Unlike many of the SRT Viper's rivals, there's only one powertrain configuration available: a chunky six-speed manual transmission paired to an 8.4-liter V-10 engine rated at 640 horsepower and 600 pound-feet of torque.
That massive output figure includes the most torque of any production normally aspirated sports car engine in the world.
And it's really tremendous power that makes the Viper tick. It's balanced, surprisingly easy to drive with the (new for last year) electronic aids enabled, though a bit twitchy at the limit. The Viper has massive grip, whether turning, braking, or accelerating. For the suitably fearless driver, there's plenty to love about the Viper's complete package.
But it's power that sets the Viper apart, that makes its fans smile, its admirers drool, and its rivals flinch. Unleashing the full fury of the big 8.4-liter V-10 is a special experience.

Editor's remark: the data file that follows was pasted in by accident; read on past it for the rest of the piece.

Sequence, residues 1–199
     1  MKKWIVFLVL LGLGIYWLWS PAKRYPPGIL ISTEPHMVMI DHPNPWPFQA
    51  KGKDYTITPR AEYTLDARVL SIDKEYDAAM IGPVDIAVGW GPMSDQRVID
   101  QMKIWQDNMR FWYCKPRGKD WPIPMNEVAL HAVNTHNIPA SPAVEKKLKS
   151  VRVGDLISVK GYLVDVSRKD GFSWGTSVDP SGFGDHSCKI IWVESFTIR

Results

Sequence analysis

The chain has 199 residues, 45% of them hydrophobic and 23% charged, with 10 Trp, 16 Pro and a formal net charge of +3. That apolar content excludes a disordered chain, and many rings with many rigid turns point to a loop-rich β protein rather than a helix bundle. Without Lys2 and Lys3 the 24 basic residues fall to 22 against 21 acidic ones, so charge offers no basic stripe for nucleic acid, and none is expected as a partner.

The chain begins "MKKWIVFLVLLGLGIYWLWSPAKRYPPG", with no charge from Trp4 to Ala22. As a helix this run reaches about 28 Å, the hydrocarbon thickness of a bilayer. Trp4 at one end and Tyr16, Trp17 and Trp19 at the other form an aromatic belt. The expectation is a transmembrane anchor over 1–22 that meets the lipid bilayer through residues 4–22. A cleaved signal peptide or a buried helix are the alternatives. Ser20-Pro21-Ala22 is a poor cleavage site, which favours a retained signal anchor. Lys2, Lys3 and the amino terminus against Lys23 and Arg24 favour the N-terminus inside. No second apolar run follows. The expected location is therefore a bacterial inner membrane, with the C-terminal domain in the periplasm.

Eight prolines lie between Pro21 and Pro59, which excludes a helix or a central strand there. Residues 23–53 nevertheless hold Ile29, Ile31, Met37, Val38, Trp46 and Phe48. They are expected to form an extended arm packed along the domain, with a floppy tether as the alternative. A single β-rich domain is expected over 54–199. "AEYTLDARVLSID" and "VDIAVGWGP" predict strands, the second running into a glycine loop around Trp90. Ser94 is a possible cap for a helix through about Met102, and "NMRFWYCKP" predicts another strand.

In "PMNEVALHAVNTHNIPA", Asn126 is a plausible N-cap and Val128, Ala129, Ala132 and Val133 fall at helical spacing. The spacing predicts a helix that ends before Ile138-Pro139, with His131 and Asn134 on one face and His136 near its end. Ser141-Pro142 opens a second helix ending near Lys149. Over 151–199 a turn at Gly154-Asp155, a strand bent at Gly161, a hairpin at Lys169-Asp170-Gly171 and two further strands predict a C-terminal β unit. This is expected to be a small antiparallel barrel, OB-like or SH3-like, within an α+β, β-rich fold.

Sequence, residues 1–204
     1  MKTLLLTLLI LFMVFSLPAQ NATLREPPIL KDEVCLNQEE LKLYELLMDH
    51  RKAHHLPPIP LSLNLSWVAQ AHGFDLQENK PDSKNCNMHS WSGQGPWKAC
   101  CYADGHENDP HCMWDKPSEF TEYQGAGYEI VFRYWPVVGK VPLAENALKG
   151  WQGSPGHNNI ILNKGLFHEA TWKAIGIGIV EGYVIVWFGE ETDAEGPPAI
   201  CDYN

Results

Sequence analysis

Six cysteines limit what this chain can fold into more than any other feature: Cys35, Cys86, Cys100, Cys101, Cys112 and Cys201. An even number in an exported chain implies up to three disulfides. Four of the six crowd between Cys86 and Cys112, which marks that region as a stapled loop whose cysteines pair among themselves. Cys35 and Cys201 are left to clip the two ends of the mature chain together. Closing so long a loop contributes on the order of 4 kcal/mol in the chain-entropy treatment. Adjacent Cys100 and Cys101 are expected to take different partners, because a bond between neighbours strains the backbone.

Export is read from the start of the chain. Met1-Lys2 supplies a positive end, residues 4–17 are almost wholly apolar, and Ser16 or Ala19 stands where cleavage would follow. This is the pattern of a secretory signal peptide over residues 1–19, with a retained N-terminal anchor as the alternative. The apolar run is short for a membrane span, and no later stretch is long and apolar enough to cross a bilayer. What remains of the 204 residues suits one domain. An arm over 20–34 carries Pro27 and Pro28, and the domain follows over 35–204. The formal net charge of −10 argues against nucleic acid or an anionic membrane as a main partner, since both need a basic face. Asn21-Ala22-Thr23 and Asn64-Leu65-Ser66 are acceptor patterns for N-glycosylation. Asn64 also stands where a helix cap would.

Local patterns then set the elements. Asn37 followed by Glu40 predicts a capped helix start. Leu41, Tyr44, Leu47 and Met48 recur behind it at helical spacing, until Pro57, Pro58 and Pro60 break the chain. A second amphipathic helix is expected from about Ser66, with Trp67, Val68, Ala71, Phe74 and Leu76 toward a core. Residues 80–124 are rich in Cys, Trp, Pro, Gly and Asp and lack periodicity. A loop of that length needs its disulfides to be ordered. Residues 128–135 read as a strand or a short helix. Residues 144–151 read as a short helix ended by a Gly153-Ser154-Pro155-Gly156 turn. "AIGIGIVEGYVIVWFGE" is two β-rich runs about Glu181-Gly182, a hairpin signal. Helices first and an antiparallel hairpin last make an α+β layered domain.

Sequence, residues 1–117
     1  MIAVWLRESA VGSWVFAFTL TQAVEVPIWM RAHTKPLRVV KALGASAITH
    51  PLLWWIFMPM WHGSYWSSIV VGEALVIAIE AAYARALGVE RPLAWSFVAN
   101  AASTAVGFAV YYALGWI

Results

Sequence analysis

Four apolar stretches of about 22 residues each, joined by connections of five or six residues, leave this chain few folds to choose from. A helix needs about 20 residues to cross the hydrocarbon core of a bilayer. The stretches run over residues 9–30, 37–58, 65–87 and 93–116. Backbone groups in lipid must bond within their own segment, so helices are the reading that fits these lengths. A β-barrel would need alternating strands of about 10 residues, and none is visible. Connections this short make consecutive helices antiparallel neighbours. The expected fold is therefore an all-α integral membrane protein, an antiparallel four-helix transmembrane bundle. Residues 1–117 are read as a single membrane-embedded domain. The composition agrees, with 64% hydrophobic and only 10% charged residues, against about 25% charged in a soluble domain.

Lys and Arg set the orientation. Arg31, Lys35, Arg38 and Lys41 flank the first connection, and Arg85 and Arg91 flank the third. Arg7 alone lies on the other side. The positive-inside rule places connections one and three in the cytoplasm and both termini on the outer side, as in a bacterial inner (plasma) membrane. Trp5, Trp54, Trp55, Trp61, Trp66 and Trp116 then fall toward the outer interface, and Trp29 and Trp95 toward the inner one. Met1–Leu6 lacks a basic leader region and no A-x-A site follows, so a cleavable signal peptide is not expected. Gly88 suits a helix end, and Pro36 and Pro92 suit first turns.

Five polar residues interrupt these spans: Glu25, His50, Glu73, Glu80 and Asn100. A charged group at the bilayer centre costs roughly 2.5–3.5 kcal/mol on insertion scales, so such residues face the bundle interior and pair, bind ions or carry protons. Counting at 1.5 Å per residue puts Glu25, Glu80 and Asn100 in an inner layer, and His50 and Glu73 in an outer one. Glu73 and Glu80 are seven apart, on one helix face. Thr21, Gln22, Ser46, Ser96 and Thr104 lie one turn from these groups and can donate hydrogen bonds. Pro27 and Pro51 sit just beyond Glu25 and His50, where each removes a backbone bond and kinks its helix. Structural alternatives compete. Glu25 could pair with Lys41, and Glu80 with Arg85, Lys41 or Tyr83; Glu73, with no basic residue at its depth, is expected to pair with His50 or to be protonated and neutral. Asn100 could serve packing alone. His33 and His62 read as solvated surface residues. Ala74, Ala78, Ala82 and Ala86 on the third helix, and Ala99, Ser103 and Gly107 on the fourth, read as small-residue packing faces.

To get the most out of the engine, however, you'll have to rev it hard--there's surprisingly little low-end punch to the meaty V-10, the engine's tune being tilted substantially toward the top-end.
Fortunately, that makes the Viper a touch more tractable around town, where you might not want an instantaneous 600 pound-feet of torque surging through the wheels as you navigate a roundabout.
There are three packages that make a marked impact on performance: the base SRT Viper, the Viper GTS, and the new-for-2014 Viper TA. The base model was our previous pick for hardcore track duty, as it eschews the extra luxuries of the GTS model, as well as the two-mode adjustable suspension for a standard setup that's very fun to drive, less expensive, and just as quick.
The new Viper TA may change that calculus, however, with a host of new track-optimized features and equipment, including upgraded Brembo brakes, retuned two-mode dampers (with more track-appropriate settings), upgraded springs and anti-roll bars, and a new carbon fiber X-brace in place of the standard aluminum unit.